Protesters clashed with riot police on the streets of Pittsburgh last night as world leaders gathered in the city for the G20 summit. There were reports that pepper gas and rubber bullets were used to disperse pockets of demonstrators who had tried, but failed, to reach the convention centre.
Thousands of extra police were on stand-by, helicopters hovered, sirens sounded, and businesses, some with boarded up windows, stood abandoned for the two-day duration. As the Chinese leader Hu Jintao arrived at the Westin Hotel near the conference centre, onlookers were barricaded behind high steel fences and all access to the area was sealed off by empty lorry trailers. Large contingents of riot police and some on horses roamed nearby avenues giving the impression of a city under martial law. A seemingly exaggerated number of police with batons pointed forward and chanting "move, move" broke up a small group of startled demonstrators protesting against repression in Ethiopia.
The residents of Pittsburgh greeted the arrival yesterday of the G20 circus as they would a freak autumn snow storm. For two days, their city has become almost unrecognisable – transformed in a way that may be exhilarating but also deeply inconvenient and possibly destructive. They are meant to be flattered. The White House chose Pittsburgh for the summit because of its success in shaking off the rust of its collapsed steel industry and re-inventing itself with a vibrant knowledge-based economy. Unemployment here is now several points lower than the national rate. It is why last night the G20 leaders, with Barack Obama as host, dined in the shining Phipps Conservatory, a botanical wonderland under glass that boasts near self-sufficiency in electricity and water. The main talks this morning take place downtown under the ski-jump roof of the newly-built David Lawrence Convention Centre, billed as the first such facility to be green certified in the world.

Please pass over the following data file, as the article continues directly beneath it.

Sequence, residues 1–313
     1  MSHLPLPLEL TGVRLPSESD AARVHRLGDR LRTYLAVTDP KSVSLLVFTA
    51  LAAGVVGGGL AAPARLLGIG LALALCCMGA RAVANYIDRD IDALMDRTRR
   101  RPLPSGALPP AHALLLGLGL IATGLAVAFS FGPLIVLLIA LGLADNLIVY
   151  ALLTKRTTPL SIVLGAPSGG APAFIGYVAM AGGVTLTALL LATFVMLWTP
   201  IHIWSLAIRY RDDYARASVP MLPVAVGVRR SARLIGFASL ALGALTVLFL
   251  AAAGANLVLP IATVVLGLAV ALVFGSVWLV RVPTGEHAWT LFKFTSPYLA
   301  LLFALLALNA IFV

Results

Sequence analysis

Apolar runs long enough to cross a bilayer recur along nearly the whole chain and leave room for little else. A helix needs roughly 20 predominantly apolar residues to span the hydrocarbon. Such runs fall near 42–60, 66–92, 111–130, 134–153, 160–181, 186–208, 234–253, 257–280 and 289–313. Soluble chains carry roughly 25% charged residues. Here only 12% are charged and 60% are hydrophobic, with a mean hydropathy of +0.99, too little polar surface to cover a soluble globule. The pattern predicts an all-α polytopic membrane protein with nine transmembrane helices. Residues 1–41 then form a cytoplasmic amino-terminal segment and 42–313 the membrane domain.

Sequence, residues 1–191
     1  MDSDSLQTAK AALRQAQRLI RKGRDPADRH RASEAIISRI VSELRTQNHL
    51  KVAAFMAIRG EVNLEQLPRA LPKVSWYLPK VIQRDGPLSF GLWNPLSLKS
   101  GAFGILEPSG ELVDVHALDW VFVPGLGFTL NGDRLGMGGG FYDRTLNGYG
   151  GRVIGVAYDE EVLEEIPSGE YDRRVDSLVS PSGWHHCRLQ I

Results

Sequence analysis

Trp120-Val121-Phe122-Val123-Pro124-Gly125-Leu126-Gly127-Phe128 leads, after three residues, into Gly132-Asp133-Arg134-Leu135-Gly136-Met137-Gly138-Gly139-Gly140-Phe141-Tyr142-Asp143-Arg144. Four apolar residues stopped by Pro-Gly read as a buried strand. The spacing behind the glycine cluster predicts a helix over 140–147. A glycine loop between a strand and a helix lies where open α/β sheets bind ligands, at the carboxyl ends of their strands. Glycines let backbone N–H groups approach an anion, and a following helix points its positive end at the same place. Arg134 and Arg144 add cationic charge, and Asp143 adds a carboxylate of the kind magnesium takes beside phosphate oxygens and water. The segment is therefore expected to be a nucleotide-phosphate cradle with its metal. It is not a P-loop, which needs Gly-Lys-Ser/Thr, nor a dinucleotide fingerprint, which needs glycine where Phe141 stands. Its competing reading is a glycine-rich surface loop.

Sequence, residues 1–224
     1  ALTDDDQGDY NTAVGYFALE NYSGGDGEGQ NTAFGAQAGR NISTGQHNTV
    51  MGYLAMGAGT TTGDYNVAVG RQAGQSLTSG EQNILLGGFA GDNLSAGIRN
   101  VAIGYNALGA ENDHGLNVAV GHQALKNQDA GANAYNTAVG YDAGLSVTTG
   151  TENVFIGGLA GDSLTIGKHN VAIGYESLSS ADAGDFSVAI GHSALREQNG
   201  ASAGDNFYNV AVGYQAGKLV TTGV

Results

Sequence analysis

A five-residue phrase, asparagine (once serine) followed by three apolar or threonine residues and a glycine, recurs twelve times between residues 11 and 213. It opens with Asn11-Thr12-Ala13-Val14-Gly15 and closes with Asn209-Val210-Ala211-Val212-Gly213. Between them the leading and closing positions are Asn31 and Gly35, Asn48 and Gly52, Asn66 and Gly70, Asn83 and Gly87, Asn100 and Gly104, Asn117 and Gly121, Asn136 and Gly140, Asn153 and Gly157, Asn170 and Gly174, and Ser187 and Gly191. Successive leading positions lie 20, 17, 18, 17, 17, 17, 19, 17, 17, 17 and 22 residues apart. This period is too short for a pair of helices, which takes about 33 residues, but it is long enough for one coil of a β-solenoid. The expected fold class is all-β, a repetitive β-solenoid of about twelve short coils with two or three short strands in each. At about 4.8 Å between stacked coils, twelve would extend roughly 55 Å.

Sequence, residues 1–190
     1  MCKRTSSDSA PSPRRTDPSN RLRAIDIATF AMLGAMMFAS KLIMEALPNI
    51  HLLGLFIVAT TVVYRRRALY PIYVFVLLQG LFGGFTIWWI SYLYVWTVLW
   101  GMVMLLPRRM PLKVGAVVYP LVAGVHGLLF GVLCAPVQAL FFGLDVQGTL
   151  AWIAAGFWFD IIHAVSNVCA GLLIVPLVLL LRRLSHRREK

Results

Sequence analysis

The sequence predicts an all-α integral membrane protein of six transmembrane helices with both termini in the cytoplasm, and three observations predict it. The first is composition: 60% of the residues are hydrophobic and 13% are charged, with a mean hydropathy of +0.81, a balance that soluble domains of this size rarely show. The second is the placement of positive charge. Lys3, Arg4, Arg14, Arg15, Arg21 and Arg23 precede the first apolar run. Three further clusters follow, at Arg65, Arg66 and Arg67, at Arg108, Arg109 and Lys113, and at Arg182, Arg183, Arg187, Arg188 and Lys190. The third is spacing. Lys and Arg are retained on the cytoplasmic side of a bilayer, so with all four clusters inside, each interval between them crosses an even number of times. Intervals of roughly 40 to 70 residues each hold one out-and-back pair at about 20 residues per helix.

Michelle Obama, moreover, will be doing her best to show the area off to the other very important spouses in town, beginning with a separate dinner yesterday at a farm just outside the city, owned by Teresa Heinz, the wife of Senator John Kerry.
Yet the city did not feel like a place celebrating. Rather it seemed almost to be cowering under the threat of mass protests. Downtown – squeezed into a compact spit of land at the confluence of the Allegheny and Monongahela rivers – was in virtual lockdown. "The G20 is in the house, throwing a party," declared the Resistance Project, one group co-ordinating the protest action. "Let's crash it". Just as the G20 agenda seemed hard to summarise, so too were the motivations of the protesters. The anger of marchers, most of whom had been corralled into controlled areas by police, had to do variously with climate change, bankers' greed, globalisation or just government generally. The fear for cities asked to host summits like this is a repeat of what Seattle experienced at its world trade summit in 1999 which ended with tear gas, millions of dollars in damage to buildings and scores of arrests.
The Resistance Project was urging marchers to target a list of private businesses it says are bent on global hegemony. Obvious among them were branches of McDonalds and Starbucks. But singled out also were some independent businesses like John Byrnes' 24-hour gym. He wonders why: "I'm just as curious as anybody why they're protesting [against] my gym."